Pretreatment intracerebral and peripheral blood immune responses in vietnamese adults with tuberculous meningitis: Diagnostic value and relationship to disease severity and outcome

Cameron P. Simmons, Guy E. Thwaites, Nguyen Than Ha Quyen, Estee Torok, Dang Minh Hoang, Tran Thi Hong Chau, Pham Phuong Mai, Nguyen Thi Ngoc Lan, Nguyen Huy Dung, Hoang Thi Quy, Nguyen Duc Bang, Tran Tinh Hien, Jeremy Farrar

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    78 Citations (Scopus)


    Tuberculous meningitis (TBM) is the most devastating form of tuberculosis. Both intracerebral and peripheral blood immune responses may be relevant to pathogenesis, diagnosis, and outcome. In this study, the relationship between pretreatment host response, disease phenotype, and outcome in Vietnamese adults with TBM was examined. Before treatment, peripheral blood IFN-γ ELISPOT responses to the Mycobacterium tuberculosis Ags ESAT-6, CFP-10, and purified protein derivative (PPD) were a poor diagnostic predictor of TBM. Cerebrospinal fluid IL-6 concentrations at presentation were independently associated with severe disease presentation, suggesting an immunological correlate of neurological damage before treatment. Surprisingly however, elevated cerebrospinal fluid inflammatory cytokines were not associated with death or disability in HIV-negative TBM patients at presentation. HIV coinfection attenuated multiple cerebrospinal fluid inflammatory indices. Low cerebrospinal fluid IFN-γ concentrations were independently associated with death in HIV-positive TBM patients, implying that IFN-γ contributes to immunity and survival. Collectively, these results reveal the effect of HIV coinfection on the pathogenesis of TBM and suggest that intracerebral immune responses, at least in HIV-negative cases, may not be as intimately associated with disease outcome as previously thought.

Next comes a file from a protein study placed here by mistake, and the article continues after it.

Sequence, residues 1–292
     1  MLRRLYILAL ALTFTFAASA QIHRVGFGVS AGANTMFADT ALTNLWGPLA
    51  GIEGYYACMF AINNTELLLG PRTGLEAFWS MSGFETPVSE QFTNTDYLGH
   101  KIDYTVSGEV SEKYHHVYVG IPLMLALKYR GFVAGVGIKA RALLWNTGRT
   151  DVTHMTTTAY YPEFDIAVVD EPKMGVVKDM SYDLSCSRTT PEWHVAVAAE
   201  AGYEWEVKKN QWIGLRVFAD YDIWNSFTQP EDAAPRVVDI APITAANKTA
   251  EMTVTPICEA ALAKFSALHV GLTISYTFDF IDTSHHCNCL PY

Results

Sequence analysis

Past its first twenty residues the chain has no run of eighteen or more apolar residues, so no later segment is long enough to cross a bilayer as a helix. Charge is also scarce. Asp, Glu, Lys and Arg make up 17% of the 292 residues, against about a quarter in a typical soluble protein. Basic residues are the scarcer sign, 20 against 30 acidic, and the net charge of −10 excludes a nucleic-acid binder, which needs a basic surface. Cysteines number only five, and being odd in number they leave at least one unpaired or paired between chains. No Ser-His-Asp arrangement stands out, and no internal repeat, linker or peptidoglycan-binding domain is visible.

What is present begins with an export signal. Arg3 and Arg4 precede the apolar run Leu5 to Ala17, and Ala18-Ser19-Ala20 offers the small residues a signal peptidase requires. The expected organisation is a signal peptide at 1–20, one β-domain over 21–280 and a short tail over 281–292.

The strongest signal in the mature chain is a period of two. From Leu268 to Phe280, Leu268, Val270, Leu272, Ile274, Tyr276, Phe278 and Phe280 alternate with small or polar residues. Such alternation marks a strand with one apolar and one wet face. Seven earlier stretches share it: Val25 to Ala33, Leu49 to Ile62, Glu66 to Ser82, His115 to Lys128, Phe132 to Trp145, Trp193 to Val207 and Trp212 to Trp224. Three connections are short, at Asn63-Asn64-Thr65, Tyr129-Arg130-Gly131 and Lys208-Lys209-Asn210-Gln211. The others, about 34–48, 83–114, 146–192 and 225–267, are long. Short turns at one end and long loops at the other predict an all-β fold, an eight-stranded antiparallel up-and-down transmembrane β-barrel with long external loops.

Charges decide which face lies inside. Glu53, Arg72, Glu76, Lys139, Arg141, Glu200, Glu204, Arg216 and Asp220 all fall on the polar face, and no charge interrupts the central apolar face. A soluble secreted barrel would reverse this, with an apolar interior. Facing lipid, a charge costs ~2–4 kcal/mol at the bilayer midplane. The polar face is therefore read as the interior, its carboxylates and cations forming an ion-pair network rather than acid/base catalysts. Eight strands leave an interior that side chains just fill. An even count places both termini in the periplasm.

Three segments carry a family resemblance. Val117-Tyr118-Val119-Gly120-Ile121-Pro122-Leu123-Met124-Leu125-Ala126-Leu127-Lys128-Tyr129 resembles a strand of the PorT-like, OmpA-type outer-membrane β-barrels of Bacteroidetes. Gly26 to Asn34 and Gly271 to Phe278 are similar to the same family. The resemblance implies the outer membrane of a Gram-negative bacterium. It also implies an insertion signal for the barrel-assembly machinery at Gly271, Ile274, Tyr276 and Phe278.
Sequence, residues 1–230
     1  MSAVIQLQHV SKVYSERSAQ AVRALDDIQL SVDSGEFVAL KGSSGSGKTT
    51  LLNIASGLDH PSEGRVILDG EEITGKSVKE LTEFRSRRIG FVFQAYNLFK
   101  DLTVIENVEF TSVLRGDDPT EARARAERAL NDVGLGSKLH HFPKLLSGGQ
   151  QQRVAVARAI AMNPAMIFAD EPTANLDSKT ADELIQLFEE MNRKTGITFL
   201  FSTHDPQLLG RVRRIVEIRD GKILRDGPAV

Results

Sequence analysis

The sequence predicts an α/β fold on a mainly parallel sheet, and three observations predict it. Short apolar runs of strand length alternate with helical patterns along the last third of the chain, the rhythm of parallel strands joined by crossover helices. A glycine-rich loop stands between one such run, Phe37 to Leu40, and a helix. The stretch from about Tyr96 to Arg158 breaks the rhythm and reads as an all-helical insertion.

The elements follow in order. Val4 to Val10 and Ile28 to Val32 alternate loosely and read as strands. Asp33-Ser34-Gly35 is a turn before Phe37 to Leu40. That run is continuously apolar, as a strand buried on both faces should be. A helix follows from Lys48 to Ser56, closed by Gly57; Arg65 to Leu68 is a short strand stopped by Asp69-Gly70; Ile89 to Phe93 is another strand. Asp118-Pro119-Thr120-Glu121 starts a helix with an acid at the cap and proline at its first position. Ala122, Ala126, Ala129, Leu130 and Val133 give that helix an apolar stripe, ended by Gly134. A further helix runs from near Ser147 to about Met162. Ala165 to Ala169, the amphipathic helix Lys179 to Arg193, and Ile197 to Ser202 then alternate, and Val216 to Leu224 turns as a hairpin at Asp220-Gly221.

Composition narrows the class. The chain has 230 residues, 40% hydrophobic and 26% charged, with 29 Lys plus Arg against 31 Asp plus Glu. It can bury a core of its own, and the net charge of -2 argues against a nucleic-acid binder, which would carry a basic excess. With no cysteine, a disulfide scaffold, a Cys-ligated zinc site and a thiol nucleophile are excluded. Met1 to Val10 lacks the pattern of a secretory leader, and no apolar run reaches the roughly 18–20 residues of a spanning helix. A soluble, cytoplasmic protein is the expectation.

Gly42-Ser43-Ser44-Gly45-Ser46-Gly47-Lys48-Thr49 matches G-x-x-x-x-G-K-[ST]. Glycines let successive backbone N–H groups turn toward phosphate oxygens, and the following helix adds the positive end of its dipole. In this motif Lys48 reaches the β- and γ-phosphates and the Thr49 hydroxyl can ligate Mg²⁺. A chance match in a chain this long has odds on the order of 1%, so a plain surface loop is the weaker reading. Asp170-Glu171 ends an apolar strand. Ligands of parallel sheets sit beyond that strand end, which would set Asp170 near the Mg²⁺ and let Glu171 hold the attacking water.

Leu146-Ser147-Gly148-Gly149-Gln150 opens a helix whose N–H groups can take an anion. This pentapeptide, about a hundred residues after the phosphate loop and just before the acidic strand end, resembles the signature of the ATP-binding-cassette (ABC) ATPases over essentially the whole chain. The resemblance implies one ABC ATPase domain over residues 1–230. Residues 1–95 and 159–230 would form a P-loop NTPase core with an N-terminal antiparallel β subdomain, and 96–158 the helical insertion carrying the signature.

Original languageEnglish
    Pages (from-to)2007-2014
    Number of pages8
    JournalJournal of Immunology
    Issue number3
    Publication statusPublished - 1 Feb 2006

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